A team participating a part of an arena assessment.
A team participating a part of an arena assessment.

All good instruction starts with good assessment. There are a wide variety of tools that may be used though we have some favorites. 

Students who are deafblind and functioning at or near the same-aged peers may be assessed using many of the standardized assessment tools used in schools. It is important to note that some assessment tools are not designed to accommodate the sensory losses these children experience, so though they may yield some valuable information your teacher of students who are visually impaired and/or teacher of students who are deaf and hard of hearing should be consulted.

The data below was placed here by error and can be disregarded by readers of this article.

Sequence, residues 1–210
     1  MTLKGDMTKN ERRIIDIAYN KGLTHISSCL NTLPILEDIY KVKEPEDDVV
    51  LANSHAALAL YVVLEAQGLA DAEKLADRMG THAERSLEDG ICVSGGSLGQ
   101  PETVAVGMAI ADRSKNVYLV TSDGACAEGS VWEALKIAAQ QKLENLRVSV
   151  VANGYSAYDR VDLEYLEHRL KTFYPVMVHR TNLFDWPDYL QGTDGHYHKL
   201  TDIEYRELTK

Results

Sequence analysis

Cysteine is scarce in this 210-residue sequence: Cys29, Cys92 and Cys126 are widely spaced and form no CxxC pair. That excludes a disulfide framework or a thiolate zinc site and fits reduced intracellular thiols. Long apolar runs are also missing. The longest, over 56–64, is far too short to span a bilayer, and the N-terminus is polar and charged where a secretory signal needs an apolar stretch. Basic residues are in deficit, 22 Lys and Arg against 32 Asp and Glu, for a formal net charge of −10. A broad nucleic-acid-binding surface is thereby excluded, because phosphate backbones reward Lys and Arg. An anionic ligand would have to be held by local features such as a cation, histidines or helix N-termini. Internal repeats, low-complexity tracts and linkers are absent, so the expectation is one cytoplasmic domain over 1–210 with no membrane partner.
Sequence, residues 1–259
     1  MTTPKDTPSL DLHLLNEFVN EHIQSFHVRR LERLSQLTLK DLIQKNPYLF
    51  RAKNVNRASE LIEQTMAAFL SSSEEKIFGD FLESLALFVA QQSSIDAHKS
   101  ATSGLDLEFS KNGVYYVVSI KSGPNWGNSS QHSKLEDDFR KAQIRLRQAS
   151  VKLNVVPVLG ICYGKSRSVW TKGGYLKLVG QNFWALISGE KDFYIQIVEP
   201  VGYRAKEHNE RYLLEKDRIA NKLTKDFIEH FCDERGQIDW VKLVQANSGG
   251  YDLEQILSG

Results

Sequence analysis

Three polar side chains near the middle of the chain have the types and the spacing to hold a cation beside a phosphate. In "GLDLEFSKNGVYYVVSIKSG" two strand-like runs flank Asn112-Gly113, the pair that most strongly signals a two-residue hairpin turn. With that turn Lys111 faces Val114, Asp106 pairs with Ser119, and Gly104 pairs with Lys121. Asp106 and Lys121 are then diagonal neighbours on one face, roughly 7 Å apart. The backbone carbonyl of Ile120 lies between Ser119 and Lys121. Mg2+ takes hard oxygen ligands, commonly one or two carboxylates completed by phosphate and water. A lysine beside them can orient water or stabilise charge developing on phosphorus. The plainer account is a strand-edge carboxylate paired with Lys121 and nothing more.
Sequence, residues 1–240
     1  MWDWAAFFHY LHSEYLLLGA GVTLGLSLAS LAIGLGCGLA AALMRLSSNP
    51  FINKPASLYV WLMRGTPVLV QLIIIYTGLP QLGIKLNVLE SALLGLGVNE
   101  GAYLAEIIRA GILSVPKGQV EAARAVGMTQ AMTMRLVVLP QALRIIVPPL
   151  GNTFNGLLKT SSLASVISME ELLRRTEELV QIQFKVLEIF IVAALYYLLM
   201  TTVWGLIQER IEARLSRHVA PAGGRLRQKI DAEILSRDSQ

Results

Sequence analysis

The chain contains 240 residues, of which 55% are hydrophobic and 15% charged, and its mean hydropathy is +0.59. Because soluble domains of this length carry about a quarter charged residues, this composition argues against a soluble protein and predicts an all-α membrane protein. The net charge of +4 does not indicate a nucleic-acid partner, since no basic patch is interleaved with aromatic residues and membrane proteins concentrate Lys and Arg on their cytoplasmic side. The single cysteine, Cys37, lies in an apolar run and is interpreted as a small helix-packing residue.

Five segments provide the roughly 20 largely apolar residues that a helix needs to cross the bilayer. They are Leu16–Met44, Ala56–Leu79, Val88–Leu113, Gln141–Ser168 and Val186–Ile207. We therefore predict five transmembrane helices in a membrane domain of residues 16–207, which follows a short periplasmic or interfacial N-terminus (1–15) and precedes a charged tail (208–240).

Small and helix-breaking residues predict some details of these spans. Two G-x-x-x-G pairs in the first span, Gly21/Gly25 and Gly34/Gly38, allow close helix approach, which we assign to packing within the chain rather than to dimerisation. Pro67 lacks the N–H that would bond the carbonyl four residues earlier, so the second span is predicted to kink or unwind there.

Students who are deafblind and visually and multiply impaired or have significant disabilities can be very hard to assess. Assessment that is meaningful and yields information that guides quality program development may take a much longer time. Good and ongoing observation is critical to gather this information.

Here are a few tools that focus on students who are deafblind or have visual and multiple impairments to help you get started:

Instruction Strategies Menu

    • Communication Overview
    • Assessment
    • Concept Development (refer to need to name experience, experiential learning)
      • Concepts of Time
      • Sequencing Events
      • Choice-making
    • Interaction and Bonding
    • Routines
      • Experiencing Routines
      • Turn-taking Games
      • Level 1 Routines (Sharing the Work)
      • Level 2 Routines (Participation with Support)
      • Level 3 Routines (Independent)
    • Calendars
      • A Form of Literacy
      • Anticipation
      • Daily
      • Weekly
      • Monthly
      • Sequence Boxes
      • Timelines